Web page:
The problem is that if a user erases the messages in his/her mailbox, then the next new incoming voicemail is named ‘msg001’ again. Next, the voicemail gets copied to the web directory and overwrites the original ‘msg001’.  So my challenge is to create a cron job, that copies the new messages and then renames them on the fly with a new name and an appended time stamp.

Every minute the script copies Asterisk voicemail accounts to another arbitrary directory.   Two loops are run on the contents of that directory matching the pattern ‘5???/mess*'(or in Asterisk syntax 5XXX/mess.).  In the case of my customer their VM boxes are all 5XXX(5001,5002,etc..).  The first loops adds a time stamp from when the voicemail was originally created.  The second loop strips ‘message??’ and replaces it with ‘voicemail_’. The result being something like: ‘voicemail_2008-09-15-03:14:09.wav’. I have to change the messages part because if I dont the first loop will add a second time stamp to previously stamped files.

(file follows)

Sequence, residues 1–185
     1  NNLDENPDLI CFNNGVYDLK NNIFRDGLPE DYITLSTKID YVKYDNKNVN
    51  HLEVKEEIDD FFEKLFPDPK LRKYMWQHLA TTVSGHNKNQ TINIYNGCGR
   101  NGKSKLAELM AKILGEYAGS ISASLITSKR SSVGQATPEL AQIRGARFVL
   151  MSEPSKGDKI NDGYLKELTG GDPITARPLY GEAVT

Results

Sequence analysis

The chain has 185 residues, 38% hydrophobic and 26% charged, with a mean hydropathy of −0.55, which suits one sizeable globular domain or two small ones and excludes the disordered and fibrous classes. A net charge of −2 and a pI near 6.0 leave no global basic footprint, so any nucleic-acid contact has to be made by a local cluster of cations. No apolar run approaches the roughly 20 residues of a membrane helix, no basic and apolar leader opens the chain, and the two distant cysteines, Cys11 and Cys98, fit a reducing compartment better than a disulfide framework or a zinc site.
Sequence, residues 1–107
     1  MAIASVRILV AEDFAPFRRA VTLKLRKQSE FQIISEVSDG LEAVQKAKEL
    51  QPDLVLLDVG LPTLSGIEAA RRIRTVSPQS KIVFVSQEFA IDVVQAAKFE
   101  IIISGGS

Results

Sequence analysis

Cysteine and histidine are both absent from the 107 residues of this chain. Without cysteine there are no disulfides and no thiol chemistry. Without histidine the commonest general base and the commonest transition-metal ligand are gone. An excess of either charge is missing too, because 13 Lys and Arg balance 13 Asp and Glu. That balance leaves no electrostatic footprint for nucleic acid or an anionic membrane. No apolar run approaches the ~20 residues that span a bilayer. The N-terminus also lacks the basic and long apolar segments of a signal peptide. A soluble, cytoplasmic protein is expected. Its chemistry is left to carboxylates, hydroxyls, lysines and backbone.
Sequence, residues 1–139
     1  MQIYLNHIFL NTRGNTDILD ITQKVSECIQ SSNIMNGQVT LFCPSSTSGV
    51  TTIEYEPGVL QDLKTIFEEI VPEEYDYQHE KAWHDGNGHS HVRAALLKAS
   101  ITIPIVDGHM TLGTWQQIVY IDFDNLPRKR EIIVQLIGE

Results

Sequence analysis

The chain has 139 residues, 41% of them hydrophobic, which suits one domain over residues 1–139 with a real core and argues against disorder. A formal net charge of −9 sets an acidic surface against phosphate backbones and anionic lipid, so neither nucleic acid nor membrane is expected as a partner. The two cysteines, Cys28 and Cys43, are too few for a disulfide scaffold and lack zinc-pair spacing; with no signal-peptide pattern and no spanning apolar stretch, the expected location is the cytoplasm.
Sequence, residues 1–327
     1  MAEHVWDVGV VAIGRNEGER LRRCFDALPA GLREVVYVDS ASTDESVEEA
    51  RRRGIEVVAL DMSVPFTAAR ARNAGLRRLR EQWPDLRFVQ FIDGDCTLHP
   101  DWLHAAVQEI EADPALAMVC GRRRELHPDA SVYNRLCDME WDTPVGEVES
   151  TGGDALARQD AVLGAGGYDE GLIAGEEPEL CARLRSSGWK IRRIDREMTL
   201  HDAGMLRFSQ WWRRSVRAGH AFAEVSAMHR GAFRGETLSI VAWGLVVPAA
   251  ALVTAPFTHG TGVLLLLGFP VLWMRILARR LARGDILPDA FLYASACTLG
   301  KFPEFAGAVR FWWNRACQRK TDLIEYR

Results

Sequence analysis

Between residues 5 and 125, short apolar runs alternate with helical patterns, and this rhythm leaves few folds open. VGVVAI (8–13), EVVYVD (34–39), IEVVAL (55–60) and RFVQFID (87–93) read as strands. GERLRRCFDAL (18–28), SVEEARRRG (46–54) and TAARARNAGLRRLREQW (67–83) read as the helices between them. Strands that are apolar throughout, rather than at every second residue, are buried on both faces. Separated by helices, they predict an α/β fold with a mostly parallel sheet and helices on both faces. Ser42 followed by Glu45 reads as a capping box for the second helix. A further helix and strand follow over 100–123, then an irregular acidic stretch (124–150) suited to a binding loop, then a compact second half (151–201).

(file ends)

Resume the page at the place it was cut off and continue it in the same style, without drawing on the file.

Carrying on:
At the end of the script we want to delete the message00?.txt file, because it is not relevent to simply downloading voicemail and may confuse some users. Also we have to change the owner/group to apache so the web server has permission to host the files.

The voicemail are protected with ‘.htaccess’ file, but with some additional work we could make user access based on PAM, LDAP, or MySQL.

Avaya sells voicemail auditing servers for $40,000 per server. But with the Open Source Asterisk PBX and a simple BASH script we can create a comparable system for under $1,000. However this script can be re-purposed for copying and renaming files for any task. Take care.




#set -x

# Variable containing array


# copy files to web directory

#rename those files with a time stamp
for i in $AUDIT ;

do mv $i $i$(date -r $i +%F-%T).wav ;



#strip the ‘messages’ part of the name and replace w/ ‘voicemail’
for i in $AUDIT ;

do mv “$i” “${i/msg????.wav/voicemail_}” ;


# remove any msg????.txt files

rm -rf $MSGFILES

chown -R apache $DIRECTORY2
chgrp -R apache $DIRECTORY2

With Apache, Asterisk and this simple BASH script we have just created a web accessible way to check and back up voicemail!